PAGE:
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In A Pickle

August 17, 2012, 9:55 PM by Perry Groten

In A Pickle

What do you get when you combine an oversized ping-pong paddle with a whiffle ball? You get one of the fastest-growing sports in the country. The game is starting to hold serve in Sioux Falls.

They hit the court early in the morning at Menlo Park; relishing the idea of playing Pickleball.

"I'm convinced it's going to be the next Olympic sport," laughed Pickleball player Julie Seaverson.

Think of Pickleball as a courtside condiment to tennis.  It's played on a smaller surface, with wooden paddles instead of rackets.  The balls are plastic with holes, whacked over a slightly lowered net.  But the intensity level is just as high.

"We just started last Christmas down in Arizona and just fell in love with it, it's the best sport ever," Seaverson said.

Because the Pickleball court is shorter and narrower than tennis, the ball tends to stay in play longer.

"So, a little less running, but the opposite is there's a lot of activity at the net. So that's fun. Real speedy, so it's a game of strategy and position," Pickleball player Dennis Finke said.

The learning curve isn't steep for Pickleball. A beginner can pick-up the techniques and strategies right away. And because Pickleball is less taxing on the body, it can be an ideal sport for all ages.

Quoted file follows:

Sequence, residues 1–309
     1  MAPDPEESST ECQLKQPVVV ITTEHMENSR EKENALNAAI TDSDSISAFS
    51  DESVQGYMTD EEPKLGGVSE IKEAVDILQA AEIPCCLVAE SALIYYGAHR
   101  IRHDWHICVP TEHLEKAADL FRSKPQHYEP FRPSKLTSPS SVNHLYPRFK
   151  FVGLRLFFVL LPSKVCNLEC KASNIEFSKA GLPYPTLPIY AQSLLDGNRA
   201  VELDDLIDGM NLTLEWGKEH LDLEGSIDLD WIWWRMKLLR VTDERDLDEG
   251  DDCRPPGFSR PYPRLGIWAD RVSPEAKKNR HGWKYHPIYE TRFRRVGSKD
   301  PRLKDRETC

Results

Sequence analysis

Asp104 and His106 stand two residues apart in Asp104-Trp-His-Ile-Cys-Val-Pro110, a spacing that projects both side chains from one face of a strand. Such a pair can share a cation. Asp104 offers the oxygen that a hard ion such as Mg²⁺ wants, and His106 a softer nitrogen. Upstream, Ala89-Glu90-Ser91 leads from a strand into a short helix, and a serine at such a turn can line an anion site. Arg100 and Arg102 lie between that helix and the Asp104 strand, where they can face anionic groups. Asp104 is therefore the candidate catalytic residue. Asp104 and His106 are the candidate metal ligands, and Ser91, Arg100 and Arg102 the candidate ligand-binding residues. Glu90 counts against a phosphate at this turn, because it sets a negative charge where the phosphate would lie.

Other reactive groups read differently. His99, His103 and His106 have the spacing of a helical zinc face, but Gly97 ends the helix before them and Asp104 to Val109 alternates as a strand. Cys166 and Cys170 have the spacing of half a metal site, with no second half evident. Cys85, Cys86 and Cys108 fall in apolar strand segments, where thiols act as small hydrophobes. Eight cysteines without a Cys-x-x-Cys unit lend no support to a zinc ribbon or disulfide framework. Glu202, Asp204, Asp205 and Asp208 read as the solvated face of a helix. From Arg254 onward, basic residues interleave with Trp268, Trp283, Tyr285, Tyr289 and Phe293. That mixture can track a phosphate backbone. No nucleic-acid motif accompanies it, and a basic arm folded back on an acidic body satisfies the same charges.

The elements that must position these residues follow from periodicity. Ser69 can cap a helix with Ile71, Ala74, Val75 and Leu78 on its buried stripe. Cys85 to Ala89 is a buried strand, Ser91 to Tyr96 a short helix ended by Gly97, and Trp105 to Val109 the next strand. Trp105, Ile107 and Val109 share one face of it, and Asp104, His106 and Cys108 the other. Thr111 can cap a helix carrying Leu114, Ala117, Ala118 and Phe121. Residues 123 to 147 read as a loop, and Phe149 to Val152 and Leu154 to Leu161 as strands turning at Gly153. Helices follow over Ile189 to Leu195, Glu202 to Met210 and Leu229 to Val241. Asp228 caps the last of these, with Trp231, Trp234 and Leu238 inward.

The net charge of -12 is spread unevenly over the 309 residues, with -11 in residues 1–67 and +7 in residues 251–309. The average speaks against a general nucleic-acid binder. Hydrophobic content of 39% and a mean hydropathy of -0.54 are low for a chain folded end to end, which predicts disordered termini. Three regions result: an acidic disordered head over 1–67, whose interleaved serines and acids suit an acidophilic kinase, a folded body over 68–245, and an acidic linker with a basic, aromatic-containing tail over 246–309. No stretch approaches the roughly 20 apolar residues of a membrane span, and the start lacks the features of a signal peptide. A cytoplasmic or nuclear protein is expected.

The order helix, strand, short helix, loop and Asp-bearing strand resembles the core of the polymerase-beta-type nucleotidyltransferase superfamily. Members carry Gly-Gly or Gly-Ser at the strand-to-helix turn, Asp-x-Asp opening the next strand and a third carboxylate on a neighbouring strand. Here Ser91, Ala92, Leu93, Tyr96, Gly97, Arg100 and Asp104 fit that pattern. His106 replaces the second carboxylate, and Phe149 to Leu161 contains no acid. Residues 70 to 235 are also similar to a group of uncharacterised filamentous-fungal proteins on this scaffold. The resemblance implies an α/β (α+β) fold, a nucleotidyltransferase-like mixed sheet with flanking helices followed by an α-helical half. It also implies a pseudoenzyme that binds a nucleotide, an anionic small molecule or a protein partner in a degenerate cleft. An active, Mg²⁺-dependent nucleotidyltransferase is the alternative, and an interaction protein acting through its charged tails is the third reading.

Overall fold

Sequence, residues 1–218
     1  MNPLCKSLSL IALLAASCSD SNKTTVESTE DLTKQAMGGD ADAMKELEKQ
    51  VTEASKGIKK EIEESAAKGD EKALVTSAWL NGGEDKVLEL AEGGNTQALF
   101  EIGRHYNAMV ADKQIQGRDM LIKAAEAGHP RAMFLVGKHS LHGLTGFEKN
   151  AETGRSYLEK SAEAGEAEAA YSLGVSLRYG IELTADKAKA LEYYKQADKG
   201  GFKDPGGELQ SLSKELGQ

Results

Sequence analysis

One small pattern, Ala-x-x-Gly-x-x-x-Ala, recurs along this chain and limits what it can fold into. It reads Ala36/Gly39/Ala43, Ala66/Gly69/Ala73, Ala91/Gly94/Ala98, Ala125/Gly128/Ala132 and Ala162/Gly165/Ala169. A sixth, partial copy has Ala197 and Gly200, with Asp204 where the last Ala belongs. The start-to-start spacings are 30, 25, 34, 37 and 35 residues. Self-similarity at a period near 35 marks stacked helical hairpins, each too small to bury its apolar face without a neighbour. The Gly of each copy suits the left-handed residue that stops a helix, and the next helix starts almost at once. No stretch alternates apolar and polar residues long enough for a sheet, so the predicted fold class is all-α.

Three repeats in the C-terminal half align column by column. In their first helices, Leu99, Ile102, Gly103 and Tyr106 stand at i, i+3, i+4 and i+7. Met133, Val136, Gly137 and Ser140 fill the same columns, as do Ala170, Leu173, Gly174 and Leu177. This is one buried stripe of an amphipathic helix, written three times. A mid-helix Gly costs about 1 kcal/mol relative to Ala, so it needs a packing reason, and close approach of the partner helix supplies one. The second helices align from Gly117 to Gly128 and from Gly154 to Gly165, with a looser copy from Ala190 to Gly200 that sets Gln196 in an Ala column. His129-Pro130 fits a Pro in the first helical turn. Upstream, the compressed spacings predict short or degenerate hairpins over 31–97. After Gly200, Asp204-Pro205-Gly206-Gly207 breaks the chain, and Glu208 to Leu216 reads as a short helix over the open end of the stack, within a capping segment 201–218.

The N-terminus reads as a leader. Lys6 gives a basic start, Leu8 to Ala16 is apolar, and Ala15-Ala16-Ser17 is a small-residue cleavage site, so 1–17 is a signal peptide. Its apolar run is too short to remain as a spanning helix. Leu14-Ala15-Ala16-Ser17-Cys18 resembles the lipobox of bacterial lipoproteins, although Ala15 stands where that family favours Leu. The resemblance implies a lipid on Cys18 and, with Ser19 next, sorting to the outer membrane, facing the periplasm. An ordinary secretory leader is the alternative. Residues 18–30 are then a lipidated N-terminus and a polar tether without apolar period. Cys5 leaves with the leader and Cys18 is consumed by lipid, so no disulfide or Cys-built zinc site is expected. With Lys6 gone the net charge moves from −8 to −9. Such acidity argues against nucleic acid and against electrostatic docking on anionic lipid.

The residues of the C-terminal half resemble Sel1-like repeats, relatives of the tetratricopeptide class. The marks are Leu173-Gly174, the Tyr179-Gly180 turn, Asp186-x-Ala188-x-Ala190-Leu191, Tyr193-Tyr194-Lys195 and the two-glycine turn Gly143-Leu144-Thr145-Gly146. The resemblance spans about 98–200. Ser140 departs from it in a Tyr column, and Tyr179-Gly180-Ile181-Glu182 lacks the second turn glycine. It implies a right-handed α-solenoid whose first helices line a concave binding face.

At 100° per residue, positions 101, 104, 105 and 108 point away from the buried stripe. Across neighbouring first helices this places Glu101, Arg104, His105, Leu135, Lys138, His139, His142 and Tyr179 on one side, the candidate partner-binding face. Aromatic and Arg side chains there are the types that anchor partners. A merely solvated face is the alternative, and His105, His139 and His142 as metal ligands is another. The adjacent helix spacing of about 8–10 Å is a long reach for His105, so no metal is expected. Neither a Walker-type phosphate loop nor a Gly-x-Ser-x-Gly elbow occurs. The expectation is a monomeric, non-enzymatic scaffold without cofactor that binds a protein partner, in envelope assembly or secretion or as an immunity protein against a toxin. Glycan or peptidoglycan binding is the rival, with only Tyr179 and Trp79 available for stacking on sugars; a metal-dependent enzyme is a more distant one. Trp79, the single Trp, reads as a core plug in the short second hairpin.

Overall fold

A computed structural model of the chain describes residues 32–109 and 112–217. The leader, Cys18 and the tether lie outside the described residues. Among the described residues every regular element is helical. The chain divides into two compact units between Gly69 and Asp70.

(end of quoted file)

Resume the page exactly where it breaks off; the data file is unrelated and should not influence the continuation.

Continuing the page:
"I like it because I think young and old, and I mean old, some of my favorite Pickleball players are really elderly, but they're so good! So I think anything that keeps you young is a good thing," Seaverson said.

Pickleball dates back to the mid-1960s when a Washington state family decided to make some tweaks to their backyard badminton game.

"And the reason they call it Pickle is because once and a while, somebody would miss the ball and their dog's name was Pickle, so they said Pickle, go get the ball.  And that's how it started, just in a backyard," Finke said.

Nineteen states now host Pickleball tournaments.  And players think it will also be a big hit here.

"Sioux Falls is a real tennis hotbed, so this is a natural off from tennis," Finke said.

Another difference between Pickleball and tennis is, whereas in tennis, you serve the ball overhand, in Pickleball, you serve underhand.  And you only get one chance to get it over the net.  But you have an infinite number of chances to really tick-off your teammate.

"This game is all underhand, it's real wristy, like racquetball, so you don't get hurt very easily," Finke said.

An underhanded approach to having fun and staying fit; playing Pickleball is cool as a cucumber.

You're invited to join the Sioux Falls Pickleball players for games every Tuesday and Thursday morning at 7:00 at Menlo Park.  They also play a couple of times a month indoors at First Christian Reformed Church on East 26th Street.

For more information about Pickleball, click here.

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